You probably know the story… Jesus healed ten lepers who were in need and who came to Him for help. He told them to go to the priest and all ten were healed as they went. I say, all ten were healed. One returned Jesus to give thanks… to say ‘Thank you.’ Well, it must have been more like ‘Thank you, THANK YOU, THANK YOU!!!’ I mean, he was after all just healed of leprosy! The other nine lepers, however, did not return with their gratitude. Presumably they just went on their way to the priest. They needed his declaration of wholeness, of now being “clean,” in order to fully and freely return – not to Jesus, but — to their society… their world.

Still, Jesus did not revoke their healing. He had not asked that they return, that was of their own decision, or not. Perhaps for some the thought never entered their mind. But all ten were healed.

Only one returned to thank Jesus. Of this one leper Matthew Henry comments, “He turned back towards him who was the Author of his cure, whom he wished to have the glory of it, before he received the benefit of it.”

There is a Great lesson in this observation, but my point today is not so much that we should be like the one and return thanks to our Lord, although that would be a very good point indeed. No, my point is that we must be like Jesus, content to do good to those who return to us no thanks at all, to those who are apt to be the overwhelming majority.

Our flesh will want to revoke the good we may have done to thankless persons, but did not Jesus say such goodness is measured in heaven as though we had done, or had not done, or had revoked having done it, to Him?

God so loved” not because we were worthy, or loveable, or kindly, or would thank Him in return. “God so loved” while we were still rebels, lost, sunk deep in sin. God loves because “God IS Love” and this same love now indwells every believer. Love others, regardless of thankful response, love them for the glory of God.

Happy Thanks-giving Day Canada!

More tomorrow…

To hear Don Longworth’s Sunday message, go to the Facebook page of Lincoln Baptist Church, or link to the livestream from the church website.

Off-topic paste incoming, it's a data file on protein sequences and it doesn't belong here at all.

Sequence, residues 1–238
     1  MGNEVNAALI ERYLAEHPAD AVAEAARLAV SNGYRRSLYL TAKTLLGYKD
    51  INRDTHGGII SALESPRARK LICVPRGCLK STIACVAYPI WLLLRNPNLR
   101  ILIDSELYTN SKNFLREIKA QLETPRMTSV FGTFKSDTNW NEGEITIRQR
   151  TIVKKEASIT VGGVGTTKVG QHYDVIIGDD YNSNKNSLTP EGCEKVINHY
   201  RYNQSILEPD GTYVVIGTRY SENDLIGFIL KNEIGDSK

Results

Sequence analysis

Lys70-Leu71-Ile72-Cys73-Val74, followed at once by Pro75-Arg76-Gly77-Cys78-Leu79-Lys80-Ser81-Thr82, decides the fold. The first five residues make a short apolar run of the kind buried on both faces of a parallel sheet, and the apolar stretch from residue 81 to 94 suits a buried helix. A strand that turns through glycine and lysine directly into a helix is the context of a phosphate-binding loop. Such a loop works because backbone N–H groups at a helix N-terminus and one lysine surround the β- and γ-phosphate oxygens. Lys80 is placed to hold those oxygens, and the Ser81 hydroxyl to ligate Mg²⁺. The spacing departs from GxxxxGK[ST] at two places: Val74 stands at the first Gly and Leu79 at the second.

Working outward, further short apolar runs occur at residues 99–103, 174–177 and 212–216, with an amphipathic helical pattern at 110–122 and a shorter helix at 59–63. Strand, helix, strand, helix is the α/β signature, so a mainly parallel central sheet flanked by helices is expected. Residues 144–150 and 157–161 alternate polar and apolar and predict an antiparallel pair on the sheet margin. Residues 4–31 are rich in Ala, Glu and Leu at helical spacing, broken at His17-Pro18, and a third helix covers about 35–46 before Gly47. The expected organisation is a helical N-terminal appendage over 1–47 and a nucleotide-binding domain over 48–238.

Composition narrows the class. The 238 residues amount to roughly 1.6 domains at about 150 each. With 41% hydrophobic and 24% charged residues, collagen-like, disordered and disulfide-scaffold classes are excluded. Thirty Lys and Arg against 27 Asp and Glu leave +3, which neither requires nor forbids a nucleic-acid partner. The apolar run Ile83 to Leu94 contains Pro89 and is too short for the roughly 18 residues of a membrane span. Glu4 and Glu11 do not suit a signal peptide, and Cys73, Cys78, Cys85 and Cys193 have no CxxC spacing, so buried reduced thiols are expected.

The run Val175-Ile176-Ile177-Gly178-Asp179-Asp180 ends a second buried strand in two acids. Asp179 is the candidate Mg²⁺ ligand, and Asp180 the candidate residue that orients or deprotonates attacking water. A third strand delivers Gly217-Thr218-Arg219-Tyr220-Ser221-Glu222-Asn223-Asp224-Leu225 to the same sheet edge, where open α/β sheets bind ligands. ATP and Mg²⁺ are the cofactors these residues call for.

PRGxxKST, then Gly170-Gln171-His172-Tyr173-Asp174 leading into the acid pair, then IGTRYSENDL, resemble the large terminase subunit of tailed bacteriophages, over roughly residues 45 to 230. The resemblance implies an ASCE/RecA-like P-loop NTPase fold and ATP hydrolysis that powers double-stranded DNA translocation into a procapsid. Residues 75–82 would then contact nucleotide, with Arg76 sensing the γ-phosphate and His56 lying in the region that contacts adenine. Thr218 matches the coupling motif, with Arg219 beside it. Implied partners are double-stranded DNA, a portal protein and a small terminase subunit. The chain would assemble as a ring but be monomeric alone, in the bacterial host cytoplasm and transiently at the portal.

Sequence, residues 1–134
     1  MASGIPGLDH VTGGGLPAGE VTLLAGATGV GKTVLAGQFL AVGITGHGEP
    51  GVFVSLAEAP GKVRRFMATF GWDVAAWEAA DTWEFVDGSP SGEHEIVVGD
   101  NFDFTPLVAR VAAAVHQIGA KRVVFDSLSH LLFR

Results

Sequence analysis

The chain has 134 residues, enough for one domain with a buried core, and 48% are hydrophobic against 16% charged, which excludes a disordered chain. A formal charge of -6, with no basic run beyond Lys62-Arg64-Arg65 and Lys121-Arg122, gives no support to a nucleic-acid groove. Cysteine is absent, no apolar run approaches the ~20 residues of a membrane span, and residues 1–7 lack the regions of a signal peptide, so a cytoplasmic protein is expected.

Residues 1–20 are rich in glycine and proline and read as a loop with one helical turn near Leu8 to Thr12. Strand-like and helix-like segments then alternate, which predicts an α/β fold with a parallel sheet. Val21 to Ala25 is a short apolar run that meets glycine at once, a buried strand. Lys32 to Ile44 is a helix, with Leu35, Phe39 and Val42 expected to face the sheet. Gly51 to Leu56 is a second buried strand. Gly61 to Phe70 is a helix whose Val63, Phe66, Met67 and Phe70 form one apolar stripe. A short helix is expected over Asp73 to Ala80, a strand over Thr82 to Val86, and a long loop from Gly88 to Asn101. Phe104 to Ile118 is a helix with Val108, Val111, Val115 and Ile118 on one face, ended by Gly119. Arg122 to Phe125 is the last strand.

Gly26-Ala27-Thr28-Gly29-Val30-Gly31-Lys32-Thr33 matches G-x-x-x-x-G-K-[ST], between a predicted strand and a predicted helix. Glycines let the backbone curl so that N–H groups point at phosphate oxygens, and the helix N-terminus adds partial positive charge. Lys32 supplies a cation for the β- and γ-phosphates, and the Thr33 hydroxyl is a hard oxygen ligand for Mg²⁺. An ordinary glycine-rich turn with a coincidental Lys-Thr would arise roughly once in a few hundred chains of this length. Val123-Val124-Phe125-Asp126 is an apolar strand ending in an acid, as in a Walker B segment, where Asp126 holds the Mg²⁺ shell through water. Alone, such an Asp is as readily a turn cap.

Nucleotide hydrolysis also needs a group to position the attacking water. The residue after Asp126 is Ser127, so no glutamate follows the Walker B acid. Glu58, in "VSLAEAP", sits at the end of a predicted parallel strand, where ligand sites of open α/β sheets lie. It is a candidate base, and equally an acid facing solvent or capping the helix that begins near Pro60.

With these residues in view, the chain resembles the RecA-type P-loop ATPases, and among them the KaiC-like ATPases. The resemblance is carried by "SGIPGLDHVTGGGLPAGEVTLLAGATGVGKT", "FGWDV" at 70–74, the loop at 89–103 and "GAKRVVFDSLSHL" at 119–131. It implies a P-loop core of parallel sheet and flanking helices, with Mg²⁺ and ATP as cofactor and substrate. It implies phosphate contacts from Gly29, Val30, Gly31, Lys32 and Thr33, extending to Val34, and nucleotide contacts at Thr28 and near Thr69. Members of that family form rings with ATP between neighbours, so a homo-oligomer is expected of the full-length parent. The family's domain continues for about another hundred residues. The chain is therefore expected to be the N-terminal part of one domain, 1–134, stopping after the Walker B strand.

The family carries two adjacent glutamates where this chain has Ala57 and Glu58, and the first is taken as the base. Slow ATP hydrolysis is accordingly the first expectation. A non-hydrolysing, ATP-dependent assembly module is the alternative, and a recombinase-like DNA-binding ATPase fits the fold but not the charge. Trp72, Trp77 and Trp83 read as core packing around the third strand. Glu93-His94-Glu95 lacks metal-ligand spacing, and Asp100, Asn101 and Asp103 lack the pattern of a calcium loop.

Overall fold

Friday, 10/9/20 – Friday Question: Why should I say ‘Thank you’?

Why should I say ‘Thank you’?

In an article posted at PsychCentral.com entitled “Why ‘Thank You’ Is More Than Just Good Manners” (updated July 8, 2018) author Jeremy Dean cites studies by Adam M. Grant and Francesco Gino published in the Journal of Personality and Social Psychology (Grant & Gino, 2010). They sought to find what effect saying ‘Thank you’ had on the one being thanked.

Results demonstrated that when a ‘Thank you’ was given the individual who gave the assistance was doubly inclined to be helpful again than were those who received only a neutral response to their initial helpfulness.

Helpers “appreciated being needed and felt more socially valued when they’d been thanked.” Explains Dean, “The act of saying thank you reassures the helper that their help is valued and motivates them to provide more.”

Subsequent studies further showed helpers who received a ‘Thank you’ from the first individual were more than doubly motivated to offer assistance to a second individual than when no ‘Thank you’ had been given. Measurable increases in willingness to help another persisted even to a third and fourth person.

Interestingly, scripture speaks of the Lord “visiting the iniquity of the fathers upon the children, and upon the children’s children, unto the third and to the fourth generation.” (Exod. 34:6-7; Deut. 5:8-10; Lev. 26:39). It seems a simple ‘Thank you’ follows a similar mathematical reverberation.

The PsychCentral.com item also stated that saying ‘Thank you’ is beneficial to the self. “Studies have suggested that being grateful can improve well-being, physical health, can strengthen social relationships, produce positive emotional states and help us cope with stressful times in our lives.

All good stuff, but the scriptures taught us that centuries earlier. “A cheerful heart is good medicine,” wrote wise King Solomon (Prov. 17:22). David taught us to Whom all our ‘Thank you’s are ultimately due: “Give thanks to the LORD, for he is good; his love endures forever.” (Ps. 107:1) Paul taught our thankfulness must persist in all circumstances and for all things at all times: “Give thanks in all circumstances; for this is God’s will for you in Christ Jesus.” (1 Thess. 5:18); “…be thankful… whatever you do, whether in word or deed, do it all in the name of the Lord Jesus, giving thanks to God the Father through Him.” (Col. 3:15, 17); “For everything God created is good, and nothing is to be rejected if it is received with thanksgiving,” (1 Tim. 4:4). Even our requests — before God answers — should be accompanied with a ‘Thank you’ — “Do not be anxious about anything, but in every situation, by prayer and petition, with thanksgiving, present your requests to God.” (Phil. 4:6) — for we know that whatever God gives or allows is for our best.